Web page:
- Christian-Muslim Perspectives on God as Love and a Loving Community
God's love, God as love, Divine Names, Al-Wadūd, loving community, moral virtues in Islam, peacemaking
Islam's God of love and the ummah as a loving community have long been obscured from the Western mind by Christian exertions of Jesus' God of love and Christians as a loving community. Islam, however, may have a version of the loving God and a community of love that bears a striking parallel to Christian biblical teaching, despite obvious contextual and sociohistorical differences. This exploration seeks to unveil noteworthy aspects of that parallel within the frameworks of each tradition.1
The God of Love
Islam's understanding of God as love derives from Allah's name as Al-Wadūd (The Most Loving) ascribed in the Qur'ān (Q. 11:90 and 85:14) and from the attribution of this name from which an intricate Islamic theology unfolds. The Christian tradition focuses on John's statement that "God is love" (1 Jn. 4:8), from which a trinitarian theology is constructed with love as a relational property—first among the three Persons in the godhead, and second as an extension from God through Jesus to humanity expressed in the command, "Love one another. As I have loved you, so you must love one another" (Jn. 13:34). Similarities with the Christian discourse on God as "being love" can be drawn from Islamic concepts that differentiate the Divine Names (Asma') and Attributes (Sifat), and distinguish the attributes of essence (al-dhdhat) from those of action (af'al).
This distinction establishes the nature of Allah's name as "The Most Loving" and Allah's act of loving in relation to the attributes of essence and [End Page 444] action. In this sense, Islam's "The Most Loving" can mean "God is love" because the divine names and attributes are intimately connected in Islamic theology.2 If a divine name denotes a quality of Allah's essence—in this case, the most loving Al-Wadūd—then the name would relate the corresponding attribution to Allah as "being love," similar to the way Christianity interprets the idea that "God is love." This is true because, while a name refers to Allah personally, the corresponding attribute is a quality by which Allah is identified. In other words, while the name designates Allah with a personal title, "The Most Loving," the attribute "loving" refers to the identity or ascription of Allah.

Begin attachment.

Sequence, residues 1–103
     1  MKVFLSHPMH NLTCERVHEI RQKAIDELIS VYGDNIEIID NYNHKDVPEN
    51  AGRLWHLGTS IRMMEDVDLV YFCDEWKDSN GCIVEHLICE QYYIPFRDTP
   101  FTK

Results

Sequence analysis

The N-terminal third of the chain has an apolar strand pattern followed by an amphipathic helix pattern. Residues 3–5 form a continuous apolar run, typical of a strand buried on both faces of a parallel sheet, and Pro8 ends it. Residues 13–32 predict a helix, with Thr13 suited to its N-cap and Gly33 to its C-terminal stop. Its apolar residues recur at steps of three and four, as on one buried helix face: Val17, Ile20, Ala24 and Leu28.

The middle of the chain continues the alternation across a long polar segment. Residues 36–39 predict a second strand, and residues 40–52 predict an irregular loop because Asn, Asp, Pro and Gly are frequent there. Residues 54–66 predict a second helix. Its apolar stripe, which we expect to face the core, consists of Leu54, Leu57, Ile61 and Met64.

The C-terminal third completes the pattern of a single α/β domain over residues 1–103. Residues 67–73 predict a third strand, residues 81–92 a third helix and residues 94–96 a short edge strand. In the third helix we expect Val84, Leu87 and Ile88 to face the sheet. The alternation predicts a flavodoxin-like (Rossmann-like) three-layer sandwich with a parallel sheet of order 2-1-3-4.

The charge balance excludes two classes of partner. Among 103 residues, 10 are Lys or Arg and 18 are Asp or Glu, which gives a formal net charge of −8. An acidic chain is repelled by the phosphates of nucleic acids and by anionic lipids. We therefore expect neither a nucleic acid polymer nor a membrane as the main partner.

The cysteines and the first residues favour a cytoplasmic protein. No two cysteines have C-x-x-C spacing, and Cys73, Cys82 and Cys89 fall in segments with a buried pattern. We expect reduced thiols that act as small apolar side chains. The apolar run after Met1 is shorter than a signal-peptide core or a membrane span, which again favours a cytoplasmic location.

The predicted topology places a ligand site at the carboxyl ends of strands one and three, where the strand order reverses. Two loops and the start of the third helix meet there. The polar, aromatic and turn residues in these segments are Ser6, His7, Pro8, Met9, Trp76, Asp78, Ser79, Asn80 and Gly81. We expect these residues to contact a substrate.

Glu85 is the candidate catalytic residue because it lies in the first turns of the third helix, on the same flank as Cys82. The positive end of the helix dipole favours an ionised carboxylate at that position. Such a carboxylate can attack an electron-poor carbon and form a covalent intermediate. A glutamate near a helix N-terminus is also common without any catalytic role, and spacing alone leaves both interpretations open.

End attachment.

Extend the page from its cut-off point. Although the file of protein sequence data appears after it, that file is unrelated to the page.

Islam expands its belief in tawhīd al-Asmā wa al-Sifāt (the oneness of divine names and attributes) by describing the attributes associated with some names as "attributes of action" (ṣifat af'al) and those associated with other names as "attributes of essence" (ṣifat al-dhdhat).3 The attribute wadūd (love) is considered to be an attribute of action. In Arabic, "wud" means "love" as an expression of action or the act of loving. Theologically, if "loving" were an attribute of Allah's essence, then it would precede divine action. Yet, loving is held to be antecedent, which implies that Allah "is" love by virtue of the divine name Al-Wadūd, inferring that the attribute applies both at the time of loving action and potentially before it in the divine essence. This seems reasonable when accounting for the idea of divine potency before divine act.
This theologizing may be what thirteenth-century Muslim philosopher Ibn 'Arabī meant when he distinguished "the names of the names (asmā' al-asmā'), which are the names voiced in human language, and the names in themselves which are realities in divinis."4 Insofar as any distinction between essence and action is in the attributes and not in the names, then, Allah's love—given that Allah possessed the divine names from all eternity—is potentially an attribute of essence.5 Contemporary Islamic scholar Ali [End Page 445] Rabbani Gulpaygani explained this idea on the basis that, if "Allah does not desire any wrong for (Allah's) servants" (Q. 40:331), then wud (love) is an attribute of divine essence, in a sense requiring the conception of agency.6 Allah's loving, therefore...